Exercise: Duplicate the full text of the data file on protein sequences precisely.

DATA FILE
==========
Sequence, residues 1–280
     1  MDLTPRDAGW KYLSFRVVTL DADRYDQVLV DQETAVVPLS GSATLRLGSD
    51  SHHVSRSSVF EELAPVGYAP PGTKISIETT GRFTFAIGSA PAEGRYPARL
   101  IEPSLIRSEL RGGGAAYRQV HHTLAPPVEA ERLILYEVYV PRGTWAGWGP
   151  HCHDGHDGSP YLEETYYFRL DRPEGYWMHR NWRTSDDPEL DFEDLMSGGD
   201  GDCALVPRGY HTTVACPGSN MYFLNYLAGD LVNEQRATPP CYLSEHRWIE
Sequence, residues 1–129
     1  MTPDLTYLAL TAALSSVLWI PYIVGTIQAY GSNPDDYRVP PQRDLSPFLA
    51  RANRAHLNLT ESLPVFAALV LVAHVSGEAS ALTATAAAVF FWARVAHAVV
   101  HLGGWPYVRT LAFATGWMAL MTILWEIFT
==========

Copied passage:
Sequence, residues 1–280
     1  MDLTPRDAGW KYLSFRVVTL DADRYDQVLV DQETAVVPLS GSATLRLGSD
    51  SHHVSRSSVF EELAPVGYAP PGTKISIETT GRFTFAIGSA PAEGRYPARL
   101  IEPSLIRSEL RGGGAAYRQV HHTLAPPVEA ERLILYEVYV PRGTWAGWGP
   151  HCHDGHDGSP YLEETYYFRL DRPEGYWMHR NWRTSDDPEL DFEDLMSGGD
   201  GDCALVPRGY HTTVACPGSN MYFLNYLAGD LVNEQRATPP CYLSEHRWIE
Sequence, residues 1–129
     1  MTPDLTYLAL TAALSSVLWI PYIVGTIQAY GSNPDDYRVP PQRDLSPFLA
    51  RANRAHLNLT ESLPVFAALV LVAHVSGEAS ALTATAAAVF FWARVAHAVV
   101  HLGGWPYVRT LAFATGWMAL MTILWEIFT